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"Bech in Rumania" | John Updike's Complete Stories Summary Analysis


“Bech in Rumania” (1966)
Reading John Updike’s Complete Stories


bech-updike-artThis series is a re-reading of John Updike’s short stories in the wake of the publication of “The Collected Early Stories” and “The Collected Later Stories,” the twin-volume set by the Library of America (2013). A comprehensive table of the complete stories with links to each story summary appears below. The commentaries include the Maple and Bech stories, most of which are excluded from the Library of America edition. Contact the editor for questions, debates or corrections. A hyperlinked list of the compete stories appears below.

[“Bech in Rumania; or, The Rumanian Chauffeur,” written in Ip[swich in 1966, was published in the Oct. 8, 1966 issue of The New Yorker, collected in Bech: A Book, The Complete Henry Bech, and the Library of America’s Collected Early Stories.]

Bech must be getting tired already and he’s yet to geographically go to Bulgaria, though thankfully for John Updike that trip is already behind him. After his four weeks in Russia, Henry Bech lands in Bucharest for four days in Rumania. It does not go well, starting at the airport, where the embassy personnel sent to greet him don’t recognize him, and he doesn’t help them. A Princeton graduate “noticing the rounded toes of Bech’s American shoes” finally makes the discovery. He’s handed off to Athanase Petrescu, “a smiling Party underling” and, behind the blue jaw and sinister glasses, a man humbly in love with books, a fool for literature.”

In Petrescu Bech will be upstaged in this story by a more engaging, more intriguing and far more sympathetic character, a male version of the Bulgarian Poetess, though Updike doesn’t dare push the bromance very far: he must not have intended Petrescu to so overshadow his hero. But he does, because Bech in Rumania is not interesting. He is bored, not clear about why he’s there, not much interested in following the embassy’s suggestions, and eager to leave. His recurring obsession, Ahab-like (Melville is Bech’s favorite writer), is the assigned chauffeur, “this atrociously unrhythmic and brutal driver,” who will terrorize Bech and Petrescu for four days.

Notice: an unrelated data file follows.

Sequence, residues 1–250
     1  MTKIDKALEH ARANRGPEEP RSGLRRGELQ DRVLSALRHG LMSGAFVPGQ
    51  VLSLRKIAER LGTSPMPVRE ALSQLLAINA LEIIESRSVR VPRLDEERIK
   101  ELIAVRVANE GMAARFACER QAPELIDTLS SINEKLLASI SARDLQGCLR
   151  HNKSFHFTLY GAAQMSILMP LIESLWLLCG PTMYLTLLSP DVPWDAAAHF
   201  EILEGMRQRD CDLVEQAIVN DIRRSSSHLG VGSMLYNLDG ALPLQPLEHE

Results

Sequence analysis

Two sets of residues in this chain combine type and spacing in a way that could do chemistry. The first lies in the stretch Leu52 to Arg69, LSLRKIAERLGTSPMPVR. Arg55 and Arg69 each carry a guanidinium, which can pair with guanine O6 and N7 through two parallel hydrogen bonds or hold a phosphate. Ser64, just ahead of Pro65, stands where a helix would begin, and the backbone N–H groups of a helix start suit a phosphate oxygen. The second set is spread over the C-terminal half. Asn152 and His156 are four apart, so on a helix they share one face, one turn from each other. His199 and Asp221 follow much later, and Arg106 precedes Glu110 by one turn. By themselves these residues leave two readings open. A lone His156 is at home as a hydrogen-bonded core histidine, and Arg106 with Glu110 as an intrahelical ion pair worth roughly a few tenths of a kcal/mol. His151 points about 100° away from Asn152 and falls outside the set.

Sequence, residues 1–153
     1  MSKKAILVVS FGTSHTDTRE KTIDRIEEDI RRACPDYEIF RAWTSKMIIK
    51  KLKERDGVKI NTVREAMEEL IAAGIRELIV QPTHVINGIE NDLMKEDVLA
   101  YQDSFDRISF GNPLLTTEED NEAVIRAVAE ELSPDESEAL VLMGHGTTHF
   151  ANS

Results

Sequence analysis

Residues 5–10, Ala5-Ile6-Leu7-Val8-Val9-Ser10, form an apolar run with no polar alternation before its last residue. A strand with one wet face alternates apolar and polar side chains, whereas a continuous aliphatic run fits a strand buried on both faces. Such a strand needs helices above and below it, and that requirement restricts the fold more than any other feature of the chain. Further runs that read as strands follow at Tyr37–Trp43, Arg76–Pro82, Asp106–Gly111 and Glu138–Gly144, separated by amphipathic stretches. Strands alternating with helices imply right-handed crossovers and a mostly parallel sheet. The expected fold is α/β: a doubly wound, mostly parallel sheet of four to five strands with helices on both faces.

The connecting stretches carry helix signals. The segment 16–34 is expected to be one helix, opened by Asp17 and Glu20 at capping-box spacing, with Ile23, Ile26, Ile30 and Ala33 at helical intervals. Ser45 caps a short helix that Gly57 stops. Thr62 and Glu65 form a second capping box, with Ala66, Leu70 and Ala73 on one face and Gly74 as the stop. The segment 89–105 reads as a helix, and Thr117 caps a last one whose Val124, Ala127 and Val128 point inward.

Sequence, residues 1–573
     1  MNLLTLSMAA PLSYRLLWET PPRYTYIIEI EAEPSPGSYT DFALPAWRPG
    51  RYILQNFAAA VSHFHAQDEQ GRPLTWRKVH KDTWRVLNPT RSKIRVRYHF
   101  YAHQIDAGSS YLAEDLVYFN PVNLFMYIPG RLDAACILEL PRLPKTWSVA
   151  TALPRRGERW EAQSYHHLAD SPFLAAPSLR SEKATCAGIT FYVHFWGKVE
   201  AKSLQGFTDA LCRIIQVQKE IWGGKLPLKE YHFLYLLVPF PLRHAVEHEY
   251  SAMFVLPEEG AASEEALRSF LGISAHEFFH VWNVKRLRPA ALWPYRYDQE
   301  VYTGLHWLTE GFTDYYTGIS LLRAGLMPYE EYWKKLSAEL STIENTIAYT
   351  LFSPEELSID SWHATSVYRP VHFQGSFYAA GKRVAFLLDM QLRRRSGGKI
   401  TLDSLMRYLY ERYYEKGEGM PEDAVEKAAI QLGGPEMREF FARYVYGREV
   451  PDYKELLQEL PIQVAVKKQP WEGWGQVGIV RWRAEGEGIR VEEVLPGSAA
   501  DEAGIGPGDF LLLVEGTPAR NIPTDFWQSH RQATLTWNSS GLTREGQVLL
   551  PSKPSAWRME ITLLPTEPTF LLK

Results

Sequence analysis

The story is an itinerary. Petrescu takes Bech to meet with the leader of the Rumanian Writers’ Union, a man as dour as his country, and as deceptive, who claims not to know Eugene Ionesco, the Rumanian playwright exiled in Paris. He asks to see some of the adventurous writers the embassy wants him to see, because Rumania, he’s told, is a seethe of dissent. The leader tells him they’re all off in the Black Sea, vacationing. He doesn’t want Bech mingling. Bech and Petrescu go to Barsov. They sight-see. They spend time in the bar. They return to Bucharest. A museum. Some shopping, “shops, and everywhere Bech felt a desiccated pinkish elegance groping, out of eclipse, through the murky hardware of Sovietism, toward a rebirth of style.”

They go to a Eugene O’Neill play. Here Updike displays some of his infuriating pretensions. This is how he informs the reader: “In the evening, they went to Patima de Sub Ulmi.” There could have been two, maybe three readers who would have understood, without any other hint, what Updike was referring to. Why he wrote the name of the play in Rumanian without so much as adding O’Neill’s name is beyond me. But it’s Updike, the way he uses French (as he does on two occasions in this story) for no other reason than to show off. It’s a few paragraph later that we learn that it’s an O’Neill play, though we’re never told it’s Desire Under the Elms. For Petrescu, it’s a badly executed play. He’s mortified. Bech seems indifferent. They run into a couple. Petrescu embraces the man, kisses the woman’s hand. The couple invite them out. Unadventurous Bech doesn’t want to go. “It worried him that Communists never seemed to go home.” They go to La Caverne Bleue, an underground, cave-like night club with all sorts of adventurous performers from all over the world, some of them mimicking Texans with guns. Bech seems unimpressed and bored, not grateful to his hosts. “My God,” Bech said, “isn’t this ever going to be over? Don’t you Communists ever get tired of having fun?” The writer’s wife told him, “For your money, you really gets.”

Outside he decides to “confront” the writer by asking him what he writes. “Peasants.” And you? “La bourgeoisie.” That’s the extent of their exchange. At the airport Bech learns from the embassy attache that the writer was precisely the sort of man the Americans wanted him to meet. “You spent the evening with him? That’s fabulous. He’s the top of the list, man. We’ve never laid a finger on him before; he’s been inaccessible. […] For our money he’s the hottest Red writer this side of Solzhenitsyn. He’s waaay out . Stream of consciousness, no punctuation, everything. There’s even some sex.”

Bech lucks out, appearing to have landed the prize not only without lifting a finger, but while trying to evade it. It’s the story’s joke, but we don’t laugh.

The Stavropoleos Monastery in Bucharest. (fusion-of-horizon)